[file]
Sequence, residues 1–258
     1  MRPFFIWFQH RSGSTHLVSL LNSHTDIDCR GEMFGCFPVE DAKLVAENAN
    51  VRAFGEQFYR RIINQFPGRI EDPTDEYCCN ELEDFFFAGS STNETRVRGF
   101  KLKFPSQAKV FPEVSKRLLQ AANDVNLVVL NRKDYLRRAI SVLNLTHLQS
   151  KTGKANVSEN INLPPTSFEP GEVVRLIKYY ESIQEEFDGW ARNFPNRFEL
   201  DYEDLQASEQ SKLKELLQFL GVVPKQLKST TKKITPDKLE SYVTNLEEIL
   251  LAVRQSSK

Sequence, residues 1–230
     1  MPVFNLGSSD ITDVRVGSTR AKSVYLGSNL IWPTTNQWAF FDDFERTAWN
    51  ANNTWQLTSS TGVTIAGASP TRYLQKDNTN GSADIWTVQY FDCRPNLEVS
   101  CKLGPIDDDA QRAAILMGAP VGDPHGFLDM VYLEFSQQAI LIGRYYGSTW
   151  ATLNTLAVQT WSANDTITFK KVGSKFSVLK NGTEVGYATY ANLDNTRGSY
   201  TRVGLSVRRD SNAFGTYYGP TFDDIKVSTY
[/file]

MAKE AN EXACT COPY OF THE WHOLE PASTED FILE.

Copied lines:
Sequence, residues 1–258
     1  MRPFFIWFQH RSGSTHLVSL LNSHTDIDCR GEMFGCFPVE DAKLVAENAN
    51  VRAFGEQFYR RIINQFPGRI EDPTDEYCCN ELEDFFFAGS STNETRVRGF
   101  KLKFPSQAKV FPEVSKRLLQ AANDVNLVVL NRKDYLRRAI SVLNLTHLQS
   151  KTGKANVSEN INLPPTSFEP GEVVRLIKYY ESIQEEFDGW ARNFPNRFEL
   201  DYEDLQASEQ SKLKELLQFL GVVPKQLKST TKKITPDKLE SYVTNLEEIL
   251  LAVRQSSK

Sequence, residues 1–230
     1  MPVFNLGSSD ITDVRVGSTR AKSVYLGSNL IWPTTNQWAF FDDFERTAWN
    51  ANNTWQLTSS TGVTIAGASP TRYLQKDNTN GSADIWTVQY FDCRPNLEVS
   101  CKLGPIDDDA QRAAILMGAP VGDPHGFLDM VYLEFSQQAI LIGRYYGSTW
   151  ATLNTLAVQT WSANDTITFK KVGSKFSVLK NGTEVGYATY ANLDNTRGSY
   201  TRVGLSVRRD SNAFGTYYGP TFDDIKVSTY